En blogg från Högskolan i Borås

söndag 21 november 2010

So popular and original, yet so static and corruptible: The bibliometrical controversy

Gästinlägg av Isaac Kamya Nsubuga, student på kursen Vetenskaplig publicering
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The scientific value of bibliometrics should not be underestimated. Bibliometrics is known to have been used, and to have been useful, already during the earlier 20th century. Bibliometrics did, on the other hand, not become commonly applied in research until the technological take-off of the 1960’s. Today, the number of scientific areas where bibliometrics is being used is growing fast. The fact that bibliometrics can easily be connected to quantitative analysis may be seen as a characteristic of originality. That is, if compared to other methods that are known to apply multiple techniques. On the other hand there are scholars who choose to view this single connection as a limitation in methodology. These scholars do mean that the pillars onto which bibliometrics lean need to be transformed. Kärki and Kortelainen (1998, p.66) [1] explain and show how scholars like Glänzel & Schoepflin (1994) [2] advocate for a need to improve bibliometrics through basic research. That way, both theory and methodology will acquire a firmer ground which will be less liable to political manipulation.

Kärki and Kortelainen (1998, p.66) also mention a detectable fault in the internal communication between bibliometricians. The theory of bibliometrics has also sometimes been considered to be rather static and unchanging over decades. Nordic researchers Kärki and Kortelainen (1998, p.1) wrote about one of the aims of their book, to create a Swedish bibliometrical terminology. They claimed not to have been totally satisfied with their accomplishment on this issue. This was probably because of varied perspectives they came across during their work. Moreover, several terms originating in the English language were already in use in Swedish.

My main concern is the methodological bias of bibliometrics towards quantitative methodology, as well as the non-functional internal communication between bibliometricians that I mentioned earlier. Furthermore, there seems to be evidence of different bibliometricians reaching different results of the same phenomenon. Bibliometrical theory is said to offer no methodological consensus, either. This gives the funders (decision makers) of bibliometric research too much free room to order particular results. The resulting effect is an increased risk for quality depreciation of results, as well as paving way for political bias.

Despite its apparent shortcomings, bibliometrics is genuinely appreciated by scientists. The methods’ current expansion in use seem logical enough explanation for this. I believe that increased demand is a receipt for appreciation. Neither are the other methods without fault. When it comes to decision-making, for example, neither traditional evaluation nor bibliometrical indicators are recommended to use alone. Kärki and Kortelainen (1998, p.56) recommend a combination of both methods.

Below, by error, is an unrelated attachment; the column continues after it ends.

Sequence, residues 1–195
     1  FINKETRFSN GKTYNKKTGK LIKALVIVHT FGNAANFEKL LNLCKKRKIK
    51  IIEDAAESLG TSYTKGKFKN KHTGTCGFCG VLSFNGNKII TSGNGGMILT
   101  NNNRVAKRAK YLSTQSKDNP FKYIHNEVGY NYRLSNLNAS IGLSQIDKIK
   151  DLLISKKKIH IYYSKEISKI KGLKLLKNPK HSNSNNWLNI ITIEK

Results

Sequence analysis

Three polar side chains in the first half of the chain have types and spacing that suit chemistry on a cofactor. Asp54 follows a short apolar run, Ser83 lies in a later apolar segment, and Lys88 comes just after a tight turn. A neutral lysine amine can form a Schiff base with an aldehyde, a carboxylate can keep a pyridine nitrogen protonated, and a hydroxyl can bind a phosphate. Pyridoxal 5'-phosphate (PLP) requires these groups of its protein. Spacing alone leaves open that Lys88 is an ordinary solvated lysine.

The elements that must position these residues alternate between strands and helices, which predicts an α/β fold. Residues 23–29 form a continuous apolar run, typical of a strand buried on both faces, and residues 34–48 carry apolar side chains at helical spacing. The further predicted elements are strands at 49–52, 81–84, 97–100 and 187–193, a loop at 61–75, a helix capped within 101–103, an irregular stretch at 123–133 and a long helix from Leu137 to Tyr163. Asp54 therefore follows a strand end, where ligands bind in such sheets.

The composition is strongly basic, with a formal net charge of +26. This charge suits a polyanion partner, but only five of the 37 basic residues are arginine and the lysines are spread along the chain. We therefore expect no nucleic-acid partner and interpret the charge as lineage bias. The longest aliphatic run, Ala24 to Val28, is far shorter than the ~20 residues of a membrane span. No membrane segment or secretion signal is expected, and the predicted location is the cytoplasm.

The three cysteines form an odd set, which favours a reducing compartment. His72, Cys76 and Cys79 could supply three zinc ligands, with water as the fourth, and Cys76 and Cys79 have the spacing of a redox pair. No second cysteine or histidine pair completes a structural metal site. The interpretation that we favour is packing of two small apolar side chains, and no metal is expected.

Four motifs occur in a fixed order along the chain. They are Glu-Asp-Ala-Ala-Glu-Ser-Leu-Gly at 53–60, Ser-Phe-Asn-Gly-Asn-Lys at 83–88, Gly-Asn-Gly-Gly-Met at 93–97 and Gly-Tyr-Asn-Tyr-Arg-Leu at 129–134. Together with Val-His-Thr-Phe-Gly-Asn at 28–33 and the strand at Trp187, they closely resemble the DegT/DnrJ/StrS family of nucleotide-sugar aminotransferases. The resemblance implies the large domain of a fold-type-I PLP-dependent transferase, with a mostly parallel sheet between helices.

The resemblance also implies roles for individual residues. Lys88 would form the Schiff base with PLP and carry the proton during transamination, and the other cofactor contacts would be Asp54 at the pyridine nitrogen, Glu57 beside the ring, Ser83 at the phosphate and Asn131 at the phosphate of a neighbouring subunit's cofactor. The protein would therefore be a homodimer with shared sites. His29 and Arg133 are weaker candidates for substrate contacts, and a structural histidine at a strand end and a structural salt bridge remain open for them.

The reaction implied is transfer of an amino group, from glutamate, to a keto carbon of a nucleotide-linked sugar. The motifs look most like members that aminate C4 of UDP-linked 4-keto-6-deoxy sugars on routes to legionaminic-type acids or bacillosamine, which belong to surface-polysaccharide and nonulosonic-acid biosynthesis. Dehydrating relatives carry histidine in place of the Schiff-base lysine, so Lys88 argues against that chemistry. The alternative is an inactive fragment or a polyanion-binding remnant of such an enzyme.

As far as the pattern of development in the area of bibliometrics is concerned, it might no longer be true that bibliometrics is static. The number of areas of bibliometric application is increasing. The number of different ways in which the technique is applied is also increasing. Bibliometrics may, on the other hand, be considered to be a springboard to “new” methods like webmetrics and cybermetrics, but still unchanged within itself.

Borgman & Furner (2002, pp.3-5) [3] wrote:
“Bibliometrics offers a powerful set of methods and measures for studying the structure and process of scholarly communication. /…/
In addition to bibliometrics, scientometrics, and informetrics, we now have “cybermetrics” (the title of an electronic journal) and “Webometrics” (Almind & Ingwersen, 1997). [4] /…/
Bibliometrics is now an accepted method in the sociology of science (J.R. Cole, 2000; Cronin & Atkins, 2000; Merton, 2000), [5] /…/”

To my ears, this last quotation resounds with “So popular and original, yet so static and corruptible”.

Notes:
[1] Kärki, Riitta & Kortelainen, Terttu (1998). Introduktion till bibliometri. NORDINFO no. 41. Tillgänglig via [2010-11-03].
[2] Glänzel, Wolfgang & Schoepflin, Urs (1994). Little scientometrics, big scientometrics ... and beyond? Scientometrics 30(2-3): 375-384.
[3] Borgman, Christine L. & Furner, Jonathan (2002). Scholarly communication and bibliometrics. Annual Review of Information Science and Technology, vol. 36. Medford, NJ: Information Today. 2-72.
[4] Almind, T. C. & Ingwersen, P. (1997). Informetric analyses on the World Wide Web: Methodological approaches to “Webometrics”. Journal of Documentation, 53: 404-426.
[5] All these references can be found in B. Cronin & H. B. Atkins (Eds.), The web of knowledge: A festschrift in honor of Eugene Garfield (pp. 1-7). Medford, NJ: Information Today.

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